The memoir I am now writing is the half-finished product of my class-project turned epic-memoir, and taking his advice I have followed my muse, though she leads me neurotic obsessiveness and lends me to sleeplessness and despair; I'd have it no other way than this. Sadly, most of my words are wasted--deleted in my fits of perfectionism and ending in hours of aimless revisions--it's a shame, yes, but so much of what I write is just....there's no word...I have no word for this because I've used them all--I've used them all an then some, I've actually found myself nearly-inventing words, so astray from their original stem or sandwiched between out-dated prefixes and awkwardly modifying suffixes until they are hardly the same as the original word that I irreverently contrived until it was a monster of my own creation, a crutch for my incessant chatter. Most writers stare at a blank page for an hour when feeling "blocked" and many express their discontent at their inability to expand upon a simple scene or idea, unable to turn short stories into novels; they just don't know what else to say; this is NOT my problem.

These are the essential antithesis of my problem. I am addicted to words--the way the sound in union; I am afflicted with an affinity for arbitrary alliterative; I love the passive voice and I'm livid forced to live in a world run by Zinsser and the like; I will never kill my darlings; As Proust once mused, we have lost our appreciation for the intrinsic value of words, of sounds, of the real essence of language itself: art for art's sake, words for words sake--not to be plucked from page simply because they fail to serve a function--they are not things of instrumental value! They are valuable in-and-of themselves, like the human soul. I'll have my adverbs always, even the extraneously extraneous ones. Is it proper? You could argue it's not. Is it enjoyable to read? I'm sure for most it's not, with the exception of a few scholarly linguists and the ever-dwindling literary niche-dwellers within the academic community.

But please allow me to be clear: I do not want precise writing; I want my writing to be beautiful.

At least I know of a few who don't think I'm a hopeless hack entirely, but even if I were alone, to be alone with the words that are so much my very essence; my droning dribble a mirror into which I peer at length, and therein, I finally see myself clearly.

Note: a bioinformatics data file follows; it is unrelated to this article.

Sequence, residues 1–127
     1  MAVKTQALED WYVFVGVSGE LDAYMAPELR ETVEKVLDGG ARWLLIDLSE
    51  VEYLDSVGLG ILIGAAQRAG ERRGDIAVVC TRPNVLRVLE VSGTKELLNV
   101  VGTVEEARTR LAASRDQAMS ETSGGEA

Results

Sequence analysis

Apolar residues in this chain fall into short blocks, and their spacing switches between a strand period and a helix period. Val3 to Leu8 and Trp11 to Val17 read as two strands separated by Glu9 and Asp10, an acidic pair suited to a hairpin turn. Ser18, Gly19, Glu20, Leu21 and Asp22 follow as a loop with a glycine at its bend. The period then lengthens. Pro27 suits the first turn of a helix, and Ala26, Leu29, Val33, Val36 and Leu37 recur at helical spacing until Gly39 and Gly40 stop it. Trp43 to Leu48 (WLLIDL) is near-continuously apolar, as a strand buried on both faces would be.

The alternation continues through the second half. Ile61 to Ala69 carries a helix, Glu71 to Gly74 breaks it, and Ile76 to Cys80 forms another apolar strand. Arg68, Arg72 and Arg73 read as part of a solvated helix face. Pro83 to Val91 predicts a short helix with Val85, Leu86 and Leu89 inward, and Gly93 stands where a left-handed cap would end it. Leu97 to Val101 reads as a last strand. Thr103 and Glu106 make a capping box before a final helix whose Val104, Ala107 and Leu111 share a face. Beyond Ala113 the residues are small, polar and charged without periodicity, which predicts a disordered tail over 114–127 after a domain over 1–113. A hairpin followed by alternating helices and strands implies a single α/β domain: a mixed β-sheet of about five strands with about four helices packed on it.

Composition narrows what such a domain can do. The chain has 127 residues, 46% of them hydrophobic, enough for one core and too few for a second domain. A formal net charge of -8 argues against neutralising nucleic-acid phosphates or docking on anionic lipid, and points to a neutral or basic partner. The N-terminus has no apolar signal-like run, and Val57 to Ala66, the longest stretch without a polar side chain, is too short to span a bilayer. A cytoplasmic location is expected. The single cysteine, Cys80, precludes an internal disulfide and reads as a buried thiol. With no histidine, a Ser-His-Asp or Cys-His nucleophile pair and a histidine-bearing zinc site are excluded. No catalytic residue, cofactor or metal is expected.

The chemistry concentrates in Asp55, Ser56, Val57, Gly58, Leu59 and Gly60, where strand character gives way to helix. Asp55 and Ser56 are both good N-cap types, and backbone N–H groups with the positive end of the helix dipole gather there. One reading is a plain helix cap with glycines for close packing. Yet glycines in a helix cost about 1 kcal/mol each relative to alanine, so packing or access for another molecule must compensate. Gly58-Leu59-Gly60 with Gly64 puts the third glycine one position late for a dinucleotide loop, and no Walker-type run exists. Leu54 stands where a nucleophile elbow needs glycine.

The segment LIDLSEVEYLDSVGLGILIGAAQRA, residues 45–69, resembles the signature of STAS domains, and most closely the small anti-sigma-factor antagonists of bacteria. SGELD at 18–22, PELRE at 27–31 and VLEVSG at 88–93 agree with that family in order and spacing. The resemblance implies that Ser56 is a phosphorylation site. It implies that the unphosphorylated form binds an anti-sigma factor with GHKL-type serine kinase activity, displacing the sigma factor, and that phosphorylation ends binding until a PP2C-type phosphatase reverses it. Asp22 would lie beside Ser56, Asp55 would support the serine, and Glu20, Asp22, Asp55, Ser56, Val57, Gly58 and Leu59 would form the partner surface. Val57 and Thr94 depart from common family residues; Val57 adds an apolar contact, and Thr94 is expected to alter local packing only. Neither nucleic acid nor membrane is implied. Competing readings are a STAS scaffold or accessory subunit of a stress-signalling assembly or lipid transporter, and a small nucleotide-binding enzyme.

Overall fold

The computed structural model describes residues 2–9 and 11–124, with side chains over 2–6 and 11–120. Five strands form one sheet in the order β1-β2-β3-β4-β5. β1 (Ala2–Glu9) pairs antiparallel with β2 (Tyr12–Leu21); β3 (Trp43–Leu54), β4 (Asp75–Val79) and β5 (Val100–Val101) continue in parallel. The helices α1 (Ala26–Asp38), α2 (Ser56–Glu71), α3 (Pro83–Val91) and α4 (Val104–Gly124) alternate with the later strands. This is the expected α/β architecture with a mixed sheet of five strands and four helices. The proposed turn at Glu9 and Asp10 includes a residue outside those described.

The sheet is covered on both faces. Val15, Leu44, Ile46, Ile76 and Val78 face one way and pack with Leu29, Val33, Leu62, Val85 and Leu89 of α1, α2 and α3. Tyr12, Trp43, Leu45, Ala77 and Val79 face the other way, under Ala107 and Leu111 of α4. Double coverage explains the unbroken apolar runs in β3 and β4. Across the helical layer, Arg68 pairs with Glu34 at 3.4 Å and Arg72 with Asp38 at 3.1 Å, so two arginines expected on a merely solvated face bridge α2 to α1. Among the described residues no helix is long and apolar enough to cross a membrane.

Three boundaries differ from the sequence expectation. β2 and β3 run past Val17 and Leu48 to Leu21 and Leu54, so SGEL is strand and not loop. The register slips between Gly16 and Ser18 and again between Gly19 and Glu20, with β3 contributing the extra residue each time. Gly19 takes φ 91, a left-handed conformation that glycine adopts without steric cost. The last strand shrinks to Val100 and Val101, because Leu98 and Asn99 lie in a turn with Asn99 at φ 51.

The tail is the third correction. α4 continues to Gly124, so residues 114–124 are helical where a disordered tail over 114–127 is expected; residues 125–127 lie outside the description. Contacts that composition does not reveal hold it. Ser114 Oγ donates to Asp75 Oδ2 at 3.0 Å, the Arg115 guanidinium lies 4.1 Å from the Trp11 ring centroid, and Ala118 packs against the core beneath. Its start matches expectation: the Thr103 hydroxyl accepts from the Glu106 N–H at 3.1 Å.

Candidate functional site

Because I refuse to comply with the rigor-ridden demands of embittered journalist who regurgitate that same tired mantra: no adjectives to spare, no adverbs if possible, always in the active voice, kill you darlings...kill you darlings...kill you darlings, leave nothing but the very rote and requisite, because beauty is boring these days and we must never allow ourselves to commit the blasphemous act of boring the apathetic audience with an adjective here or there. Just the facts, ma'am. Because I'd sooner die than ascribe to this unspeakable crime against the written word, I equally can't bare to accidentally obey their rules...I can't, in good favor with myself, delete the fruits of my labor, the sentences born of sweat and tears, too precious to discard entirely, even when they are repetitive and over-blown.

But I can't just let these passages continue to take up dozens of pages between details in a scene I was describing, only to become distracted upon making some minor revision mid-paragraph, and from there I fall prey to what I call "inward writing" rather than "outward writing"; I literally write something completely unrelated to the scene or story at hand, right in the middle of the action or dialogue.

These are the things that shall become my daily delenda: a place where I can send my musings into the void, never to be heard from again--or if they do compel some outside response, no one can possibly tell me what I don't already know (and loathe).

These will be the home to orphaned metaphors, rambling tangents, and a place where I can write all I want and yet not feel obligated to say anything at all. Following in the way of Charles Ives, the greatest of the greats and still before his time, I will think of this blog as "the book which no one reads"...